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Maternal, Infant, and Child Health

Find evidence-based information and recommendations related to Maternal, Infant, and Child Health.

RatingResourceYearEvidence Type
Maternal, Infant, and Child Health
Preventing Excessive Alcohol Consumption: Electronic Screening and Brief Interventions (e-SBI). (Community Guide Recommendation)
Community Preventive Services Task Force
2013 Systematic Review
Maternal, Infant, and Child Health
Obesity Prevention and Control: Technology-Supported Multicomponent Coaching or Counseling Interventions to Reduce Weight and Maintain Weight Loss. (Community Guide Recommendation)
Community Preventive Services Task Force
2013 Systematic Review
Maternal, Infant, and Child Health
Prevention of Birth Defects: Interventions to Fortify Food Products with Folic Acid. (Community Guide Recommendation)
Community Preventive Services Task Force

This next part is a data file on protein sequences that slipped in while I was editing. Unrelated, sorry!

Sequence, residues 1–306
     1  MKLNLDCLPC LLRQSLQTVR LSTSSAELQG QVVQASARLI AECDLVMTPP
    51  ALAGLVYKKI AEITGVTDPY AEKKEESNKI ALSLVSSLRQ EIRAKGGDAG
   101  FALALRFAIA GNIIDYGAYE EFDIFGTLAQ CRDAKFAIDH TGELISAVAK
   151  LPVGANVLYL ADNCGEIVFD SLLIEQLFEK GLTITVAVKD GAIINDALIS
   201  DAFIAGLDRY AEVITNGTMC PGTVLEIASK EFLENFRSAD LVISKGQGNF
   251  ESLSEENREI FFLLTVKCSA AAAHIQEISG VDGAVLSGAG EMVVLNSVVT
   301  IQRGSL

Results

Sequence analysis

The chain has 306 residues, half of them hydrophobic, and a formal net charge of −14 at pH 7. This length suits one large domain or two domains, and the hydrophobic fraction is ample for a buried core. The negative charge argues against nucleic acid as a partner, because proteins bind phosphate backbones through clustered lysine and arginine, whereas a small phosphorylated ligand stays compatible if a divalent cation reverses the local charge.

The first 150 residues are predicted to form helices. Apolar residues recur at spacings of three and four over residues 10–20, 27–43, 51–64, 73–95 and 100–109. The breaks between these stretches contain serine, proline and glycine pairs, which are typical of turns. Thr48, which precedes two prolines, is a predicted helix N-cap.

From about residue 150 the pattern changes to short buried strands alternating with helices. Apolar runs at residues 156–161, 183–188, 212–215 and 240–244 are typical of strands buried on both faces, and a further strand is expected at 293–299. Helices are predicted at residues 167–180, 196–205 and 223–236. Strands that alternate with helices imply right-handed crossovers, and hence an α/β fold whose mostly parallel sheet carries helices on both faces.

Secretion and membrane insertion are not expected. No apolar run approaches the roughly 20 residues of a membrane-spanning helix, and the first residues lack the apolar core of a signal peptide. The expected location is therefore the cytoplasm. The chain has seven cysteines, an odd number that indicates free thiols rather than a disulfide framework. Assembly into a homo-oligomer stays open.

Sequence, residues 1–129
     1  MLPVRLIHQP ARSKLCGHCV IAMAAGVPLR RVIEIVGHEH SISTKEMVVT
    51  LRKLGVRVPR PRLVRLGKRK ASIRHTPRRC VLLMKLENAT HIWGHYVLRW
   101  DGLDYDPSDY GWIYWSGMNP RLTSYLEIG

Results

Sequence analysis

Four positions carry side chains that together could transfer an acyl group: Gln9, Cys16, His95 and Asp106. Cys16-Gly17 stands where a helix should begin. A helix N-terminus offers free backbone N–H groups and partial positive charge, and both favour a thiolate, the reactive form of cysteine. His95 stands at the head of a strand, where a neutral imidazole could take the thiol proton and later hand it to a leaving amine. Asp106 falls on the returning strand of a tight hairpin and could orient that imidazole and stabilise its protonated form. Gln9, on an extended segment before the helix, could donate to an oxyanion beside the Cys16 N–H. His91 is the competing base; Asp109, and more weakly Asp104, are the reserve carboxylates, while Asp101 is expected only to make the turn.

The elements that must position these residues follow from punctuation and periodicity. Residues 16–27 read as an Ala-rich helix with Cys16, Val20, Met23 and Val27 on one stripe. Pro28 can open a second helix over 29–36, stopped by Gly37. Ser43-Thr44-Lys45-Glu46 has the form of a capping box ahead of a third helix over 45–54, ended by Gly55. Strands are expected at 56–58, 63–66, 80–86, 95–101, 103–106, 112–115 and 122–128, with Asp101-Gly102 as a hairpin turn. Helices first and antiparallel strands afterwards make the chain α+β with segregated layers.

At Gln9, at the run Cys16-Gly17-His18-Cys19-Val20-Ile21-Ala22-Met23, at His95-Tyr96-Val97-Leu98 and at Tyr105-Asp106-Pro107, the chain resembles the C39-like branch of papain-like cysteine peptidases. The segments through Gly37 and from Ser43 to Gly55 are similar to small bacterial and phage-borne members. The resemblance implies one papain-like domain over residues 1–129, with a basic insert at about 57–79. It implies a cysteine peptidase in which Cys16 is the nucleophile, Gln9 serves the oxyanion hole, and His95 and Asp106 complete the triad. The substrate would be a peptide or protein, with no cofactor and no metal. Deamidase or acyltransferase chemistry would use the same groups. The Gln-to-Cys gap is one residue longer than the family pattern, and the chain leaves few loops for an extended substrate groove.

2012 Systematic Review
Maternal, Infant, and Child Health
Increasing Tobacco Use Cessation: Reducing Out-of-Pocket Costs for Evidence-Based Cessation Treatments. (Community Guide Recommendation)
Community Preventive Services Task Force
2012 Systematic Review
Maternal, Infant, and Child Health
Increasing Tobacco Use Cessation: Quitline Interventions (Community Guide Recommendation).
Community Preventive Services Task Force
2012 Systematic Review
Maternal, Infant, and Child Health
Prevention of Birth Defects: Community-Wide Campaigns to Promote the Use of Folic Acid Supplements. (Community Guide Recommendation)
Community Preventive Services Task Force
2011 Systematic Review
Maternal, Infant, and Child Health
Prevention of Birth Defects: Community-Wide Campaigns to Promote the Use of Folic Acid Supplements. (Community Guide Recommendation)